People can have different allergic reactions with different severities and symptoms ranging from mild itching to life-threatening. Knowing how to safely identify and handle an allergic reaction can help people feel better or even save a life.

What Happens And Why

An allergic reaction occurs when the body’s defense mechanism overreacts as a foreign substance is introduced. The symptoms of an allergic reaction can include breathing problems, swelling body parts, aching body parts, itchiness, and a running nose among others.

Some of the common substances known to trigger severe allergies in some people include:

  • Different kinds of proteins (meats and eggs)
  • Pollen extracts
  • Anti-serum (Rabies. Insect venom, Tetanus, and Snake venom)
  • Hormones
  • Certain Foods and fruits (such as wheat, strawberries, and chocolates)
  • Enzymes

Typical Symptoms Of An Allergic Reaction

The symptoms of an allergic reaction can appear anywhere on the body. Some of the common ones include:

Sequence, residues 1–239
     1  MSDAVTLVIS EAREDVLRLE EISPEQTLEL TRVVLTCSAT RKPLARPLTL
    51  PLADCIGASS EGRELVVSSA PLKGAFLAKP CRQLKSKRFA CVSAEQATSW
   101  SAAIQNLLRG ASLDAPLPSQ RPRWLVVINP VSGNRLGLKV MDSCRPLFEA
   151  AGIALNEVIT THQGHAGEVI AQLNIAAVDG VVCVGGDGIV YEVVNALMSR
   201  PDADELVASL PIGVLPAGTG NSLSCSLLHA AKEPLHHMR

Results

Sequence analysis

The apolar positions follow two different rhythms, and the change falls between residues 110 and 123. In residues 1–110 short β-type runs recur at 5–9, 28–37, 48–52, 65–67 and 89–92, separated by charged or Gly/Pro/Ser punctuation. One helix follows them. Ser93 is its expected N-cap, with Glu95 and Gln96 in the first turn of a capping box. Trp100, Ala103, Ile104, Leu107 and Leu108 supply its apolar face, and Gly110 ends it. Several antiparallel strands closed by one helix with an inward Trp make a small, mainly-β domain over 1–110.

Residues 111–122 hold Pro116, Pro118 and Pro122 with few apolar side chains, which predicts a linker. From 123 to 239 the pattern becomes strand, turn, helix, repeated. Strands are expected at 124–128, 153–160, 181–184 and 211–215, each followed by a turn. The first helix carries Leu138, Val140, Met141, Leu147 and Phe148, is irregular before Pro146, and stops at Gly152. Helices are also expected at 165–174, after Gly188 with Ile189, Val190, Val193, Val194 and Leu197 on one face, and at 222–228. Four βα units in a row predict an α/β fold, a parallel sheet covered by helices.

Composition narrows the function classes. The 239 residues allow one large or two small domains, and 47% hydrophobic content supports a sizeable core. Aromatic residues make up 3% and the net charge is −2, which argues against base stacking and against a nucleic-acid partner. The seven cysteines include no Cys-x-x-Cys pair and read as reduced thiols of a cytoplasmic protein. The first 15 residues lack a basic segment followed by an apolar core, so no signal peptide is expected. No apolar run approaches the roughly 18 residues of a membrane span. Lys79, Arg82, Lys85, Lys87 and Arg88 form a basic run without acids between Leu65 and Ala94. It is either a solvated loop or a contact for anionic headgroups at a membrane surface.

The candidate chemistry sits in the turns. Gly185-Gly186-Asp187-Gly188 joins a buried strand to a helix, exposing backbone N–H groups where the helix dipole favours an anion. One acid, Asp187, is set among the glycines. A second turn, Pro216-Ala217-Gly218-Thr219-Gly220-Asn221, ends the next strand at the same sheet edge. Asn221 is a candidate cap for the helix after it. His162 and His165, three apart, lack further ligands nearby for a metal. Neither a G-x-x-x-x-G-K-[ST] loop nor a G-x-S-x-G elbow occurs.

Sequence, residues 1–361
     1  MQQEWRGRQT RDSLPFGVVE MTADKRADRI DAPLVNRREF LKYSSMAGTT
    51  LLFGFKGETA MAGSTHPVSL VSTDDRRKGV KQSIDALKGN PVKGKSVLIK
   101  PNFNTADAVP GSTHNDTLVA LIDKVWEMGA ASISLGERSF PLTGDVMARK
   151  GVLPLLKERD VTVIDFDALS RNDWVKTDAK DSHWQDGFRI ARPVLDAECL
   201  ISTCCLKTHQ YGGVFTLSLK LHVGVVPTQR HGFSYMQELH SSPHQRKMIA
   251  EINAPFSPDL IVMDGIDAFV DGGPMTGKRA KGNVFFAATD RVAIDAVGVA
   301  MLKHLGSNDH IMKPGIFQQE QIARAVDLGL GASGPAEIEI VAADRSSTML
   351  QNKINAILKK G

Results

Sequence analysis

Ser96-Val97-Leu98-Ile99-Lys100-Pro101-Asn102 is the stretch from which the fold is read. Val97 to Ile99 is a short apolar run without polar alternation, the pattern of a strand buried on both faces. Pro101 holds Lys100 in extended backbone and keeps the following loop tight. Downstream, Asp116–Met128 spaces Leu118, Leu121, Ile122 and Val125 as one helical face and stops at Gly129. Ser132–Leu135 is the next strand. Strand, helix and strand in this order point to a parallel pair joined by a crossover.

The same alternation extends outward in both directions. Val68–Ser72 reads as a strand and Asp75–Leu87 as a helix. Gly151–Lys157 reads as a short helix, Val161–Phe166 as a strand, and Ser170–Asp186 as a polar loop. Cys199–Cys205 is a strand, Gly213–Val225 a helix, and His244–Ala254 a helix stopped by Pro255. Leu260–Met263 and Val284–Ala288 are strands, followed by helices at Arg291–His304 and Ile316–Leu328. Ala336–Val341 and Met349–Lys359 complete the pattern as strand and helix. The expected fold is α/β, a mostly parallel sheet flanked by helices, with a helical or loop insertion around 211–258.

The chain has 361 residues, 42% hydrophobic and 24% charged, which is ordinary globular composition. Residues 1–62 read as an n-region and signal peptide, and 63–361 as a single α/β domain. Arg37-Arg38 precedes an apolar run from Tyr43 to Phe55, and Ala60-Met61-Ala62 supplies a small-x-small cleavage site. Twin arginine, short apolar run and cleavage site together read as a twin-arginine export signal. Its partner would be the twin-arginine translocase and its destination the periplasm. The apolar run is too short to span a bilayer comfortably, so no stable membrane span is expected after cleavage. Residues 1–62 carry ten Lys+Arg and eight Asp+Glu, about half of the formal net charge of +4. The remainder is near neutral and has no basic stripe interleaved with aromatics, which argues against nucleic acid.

• Skin: Itchiness, inflammation of the skin over the part bitten or stung, flushing, redness, and urticaria (itchy, large irregular, red, inflamed patches)
  • Eyes: Watering, itchiness, redness, and swelling
  • Respiratory Tract: A running nose, inability to talk, chocking, compression in the chest, coughing, suffocation, heaviness in the throat, sneezing, and breathlessness
  • Gastro-intestinal: Aching throat, indigestion, diarrhea, vomiting
  • General: In most cases, a person has an anaphylactic shock that manifests in different ways such as dizziness, nausea, sudden sneezing, panic, swelling of the body and face, suffocation, restlessness, and unconsciousness. The symptoms can occur rapidly one after the other which can cause death in a few minute after the onset of the allergic reaction.

The above symptoms may manifest differently in different people. Sometimes it could be one or several of them of only one system, or a mix of all of them.

Knowing the source or the trigger of the allergic reaction is the best approach to dealing with individual allergies. Below are some tips to help you understand how to handle some common allergic reactions.

  1. Animals

Some people can develop an allergic reaction to the granular scales and dust of dried animal hairs or skin (due to the alien protein in their body). For instance, some folks have reactions such as asthma (breathing problems) and rhinitis (watering of the nose) when they come into contact with cats and these reactions can sometimes be uncomfortable and mildly severe. An animal’s saliva can as well trigger a violent reaction in some people.